Managing ‘increasing debt burden’ is Mamata government’s biggest challenge
Adhering to budget allocations and proposals for the financial year 2022-23 will cause the government debt burden to rise further to nearly Rs 6 lakh crore. The pressure on the coffers and the increase in debt prompted the Mamata Banerjee government to refrain from announcing any new social sector projects or direct cash transfer programs when presenting the budget on Friday.
Presenting her first budget, the State Finance Minister, Chandrima Bhattacharya, has pegged the estimated outstanding debt of the Government of West Bengal until March 2023 at Rs 5,86,438.05 crore.
The amount of debt will reach Rs 5,28,833.05 crore by the end of March 2022, the minister said fixing the estimated budget deficit and revenue deficit till March 2023 at Rs 53,431.76 crore and Rs 32,963.60 crore respectively.
Also during the budget presentation, Bhattacharya proposed raising an additional Rs 73,000 crore from the open market in the financial year 2022-23.
Debt management is now the biggest challenge for the Mamata Banerjee government, according to state finance department officials.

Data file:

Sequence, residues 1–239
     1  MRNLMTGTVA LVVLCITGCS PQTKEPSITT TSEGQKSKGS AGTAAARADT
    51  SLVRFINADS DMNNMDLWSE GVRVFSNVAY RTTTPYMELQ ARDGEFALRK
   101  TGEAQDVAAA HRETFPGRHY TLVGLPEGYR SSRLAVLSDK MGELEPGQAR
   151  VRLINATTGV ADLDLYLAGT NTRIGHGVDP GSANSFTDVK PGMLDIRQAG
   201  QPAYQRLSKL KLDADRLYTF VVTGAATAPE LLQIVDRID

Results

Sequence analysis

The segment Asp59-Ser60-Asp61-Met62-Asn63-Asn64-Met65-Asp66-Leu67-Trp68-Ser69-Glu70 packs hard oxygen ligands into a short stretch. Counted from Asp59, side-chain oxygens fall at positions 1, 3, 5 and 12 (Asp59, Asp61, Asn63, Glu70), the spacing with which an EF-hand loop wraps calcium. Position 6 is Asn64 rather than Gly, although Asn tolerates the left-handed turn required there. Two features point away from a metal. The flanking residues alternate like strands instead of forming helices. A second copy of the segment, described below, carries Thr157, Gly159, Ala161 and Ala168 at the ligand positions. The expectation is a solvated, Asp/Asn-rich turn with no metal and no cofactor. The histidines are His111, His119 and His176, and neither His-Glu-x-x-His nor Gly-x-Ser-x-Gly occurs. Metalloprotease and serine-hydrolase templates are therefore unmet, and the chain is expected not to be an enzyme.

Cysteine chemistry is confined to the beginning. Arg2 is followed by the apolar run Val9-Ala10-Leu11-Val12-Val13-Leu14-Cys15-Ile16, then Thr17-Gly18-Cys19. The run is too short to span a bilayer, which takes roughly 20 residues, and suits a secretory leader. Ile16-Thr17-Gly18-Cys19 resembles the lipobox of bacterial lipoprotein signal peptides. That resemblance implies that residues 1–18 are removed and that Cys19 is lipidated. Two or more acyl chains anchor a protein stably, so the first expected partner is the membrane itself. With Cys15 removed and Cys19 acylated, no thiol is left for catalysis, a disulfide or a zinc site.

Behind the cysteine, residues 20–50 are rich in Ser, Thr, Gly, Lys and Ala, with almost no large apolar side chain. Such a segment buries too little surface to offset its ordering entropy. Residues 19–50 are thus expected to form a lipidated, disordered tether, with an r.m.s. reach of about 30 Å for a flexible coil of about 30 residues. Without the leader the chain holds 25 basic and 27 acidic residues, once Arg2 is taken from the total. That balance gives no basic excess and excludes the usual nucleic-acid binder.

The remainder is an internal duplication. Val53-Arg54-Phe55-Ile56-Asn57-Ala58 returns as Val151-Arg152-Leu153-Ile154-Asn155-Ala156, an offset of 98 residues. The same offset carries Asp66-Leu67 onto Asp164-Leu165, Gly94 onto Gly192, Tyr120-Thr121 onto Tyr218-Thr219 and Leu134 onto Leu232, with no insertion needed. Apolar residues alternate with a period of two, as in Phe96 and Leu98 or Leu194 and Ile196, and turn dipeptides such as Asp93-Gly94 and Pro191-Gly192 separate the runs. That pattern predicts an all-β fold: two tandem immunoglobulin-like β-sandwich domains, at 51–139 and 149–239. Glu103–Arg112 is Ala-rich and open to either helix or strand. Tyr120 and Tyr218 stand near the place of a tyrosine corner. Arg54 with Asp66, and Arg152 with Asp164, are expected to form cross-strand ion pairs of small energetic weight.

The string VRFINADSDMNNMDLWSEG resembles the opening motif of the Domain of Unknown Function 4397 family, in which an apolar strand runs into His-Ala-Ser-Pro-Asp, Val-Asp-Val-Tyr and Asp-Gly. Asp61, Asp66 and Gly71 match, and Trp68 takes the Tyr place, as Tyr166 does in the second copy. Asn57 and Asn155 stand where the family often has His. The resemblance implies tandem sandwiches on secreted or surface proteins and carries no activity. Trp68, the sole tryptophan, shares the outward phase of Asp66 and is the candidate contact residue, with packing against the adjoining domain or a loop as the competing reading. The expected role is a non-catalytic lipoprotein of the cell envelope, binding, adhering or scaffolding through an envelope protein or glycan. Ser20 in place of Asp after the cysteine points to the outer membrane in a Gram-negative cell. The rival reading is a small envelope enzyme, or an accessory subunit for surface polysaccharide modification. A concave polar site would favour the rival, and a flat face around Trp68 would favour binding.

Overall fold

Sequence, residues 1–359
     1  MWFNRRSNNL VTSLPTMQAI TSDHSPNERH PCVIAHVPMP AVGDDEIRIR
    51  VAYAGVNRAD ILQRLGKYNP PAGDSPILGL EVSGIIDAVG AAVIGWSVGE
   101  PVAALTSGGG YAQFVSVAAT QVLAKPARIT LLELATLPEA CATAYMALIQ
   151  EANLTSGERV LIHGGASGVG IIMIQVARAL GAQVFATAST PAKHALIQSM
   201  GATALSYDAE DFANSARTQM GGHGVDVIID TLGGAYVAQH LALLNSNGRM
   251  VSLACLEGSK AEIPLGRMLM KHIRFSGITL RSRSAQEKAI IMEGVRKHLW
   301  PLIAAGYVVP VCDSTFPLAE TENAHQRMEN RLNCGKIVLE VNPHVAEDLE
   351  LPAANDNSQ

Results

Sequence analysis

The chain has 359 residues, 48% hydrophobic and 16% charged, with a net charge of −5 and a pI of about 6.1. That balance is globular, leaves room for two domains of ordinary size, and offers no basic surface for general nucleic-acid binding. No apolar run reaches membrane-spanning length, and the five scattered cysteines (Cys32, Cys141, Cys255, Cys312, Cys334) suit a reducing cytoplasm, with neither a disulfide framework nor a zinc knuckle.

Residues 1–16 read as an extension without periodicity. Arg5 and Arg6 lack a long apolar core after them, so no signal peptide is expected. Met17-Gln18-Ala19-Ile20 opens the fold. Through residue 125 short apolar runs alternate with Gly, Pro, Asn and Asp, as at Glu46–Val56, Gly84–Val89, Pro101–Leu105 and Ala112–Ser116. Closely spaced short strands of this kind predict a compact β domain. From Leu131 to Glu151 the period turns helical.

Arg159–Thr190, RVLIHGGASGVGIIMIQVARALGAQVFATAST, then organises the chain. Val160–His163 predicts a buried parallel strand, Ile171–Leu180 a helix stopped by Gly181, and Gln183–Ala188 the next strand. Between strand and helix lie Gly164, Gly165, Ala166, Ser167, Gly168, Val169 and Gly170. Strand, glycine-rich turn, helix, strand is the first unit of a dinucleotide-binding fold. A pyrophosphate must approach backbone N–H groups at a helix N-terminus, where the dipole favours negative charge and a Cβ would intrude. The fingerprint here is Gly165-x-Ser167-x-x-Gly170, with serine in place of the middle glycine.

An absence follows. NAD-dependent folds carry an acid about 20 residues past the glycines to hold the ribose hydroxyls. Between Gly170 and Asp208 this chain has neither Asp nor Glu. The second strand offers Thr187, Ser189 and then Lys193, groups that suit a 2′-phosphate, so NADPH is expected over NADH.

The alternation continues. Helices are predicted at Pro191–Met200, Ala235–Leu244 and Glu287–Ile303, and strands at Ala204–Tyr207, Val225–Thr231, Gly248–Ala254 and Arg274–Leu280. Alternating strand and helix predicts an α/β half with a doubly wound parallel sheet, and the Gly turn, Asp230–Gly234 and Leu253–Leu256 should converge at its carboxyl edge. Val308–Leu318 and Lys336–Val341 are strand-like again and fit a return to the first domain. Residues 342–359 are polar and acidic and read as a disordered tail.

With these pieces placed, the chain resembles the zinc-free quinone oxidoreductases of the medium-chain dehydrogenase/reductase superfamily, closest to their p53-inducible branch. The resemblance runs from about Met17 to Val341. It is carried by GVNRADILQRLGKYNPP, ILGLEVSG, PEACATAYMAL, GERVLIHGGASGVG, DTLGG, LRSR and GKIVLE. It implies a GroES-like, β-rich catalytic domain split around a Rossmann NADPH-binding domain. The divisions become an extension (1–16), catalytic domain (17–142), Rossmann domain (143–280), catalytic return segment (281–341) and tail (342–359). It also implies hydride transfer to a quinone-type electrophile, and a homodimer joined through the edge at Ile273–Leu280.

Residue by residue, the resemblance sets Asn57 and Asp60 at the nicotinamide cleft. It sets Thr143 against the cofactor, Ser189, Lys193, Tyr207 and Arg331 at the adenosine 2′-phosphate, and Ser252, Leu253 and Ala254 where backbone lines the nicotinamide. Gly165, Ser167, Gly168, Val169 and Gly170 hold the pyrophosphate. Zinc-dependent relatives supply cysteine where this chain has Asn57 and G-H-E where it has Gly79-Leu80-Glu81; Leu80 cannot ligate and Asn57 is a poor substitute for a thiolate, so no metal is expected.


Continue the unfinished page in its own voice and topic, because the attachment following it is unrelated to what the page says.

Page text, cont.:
When she first took office as Chief Minister in 2011, the state was saddled with a debt of Rs 1.92 thousand crore. Banerjee, then Finance Minister Amit Mitra, who is now the CM’s chief economic adviser, used to refer to it as a legacy of debt left by the previous Left Front government. However, in a decade of government, the government’s stock of debt has since risen by more than 205%, presenting it with a huge fiscal challenge.
According to data available from the Ministry of Finance, the TMC government borrowed an average of more than Rs 20,000 crore on the open market in the financial year 2011-12, subject to repayment after the completion of 10 years in office.
Speaking to The Indian Express, a senior state finance official said, “Borrowing in the West Bengal government market increased multiple times between 2016-’17 and 2021-’22, following what government liabilities would increase from 2021-’22 onwards. The state has to repay its borrowings over a 10-year period, indicating huge fiscal stress.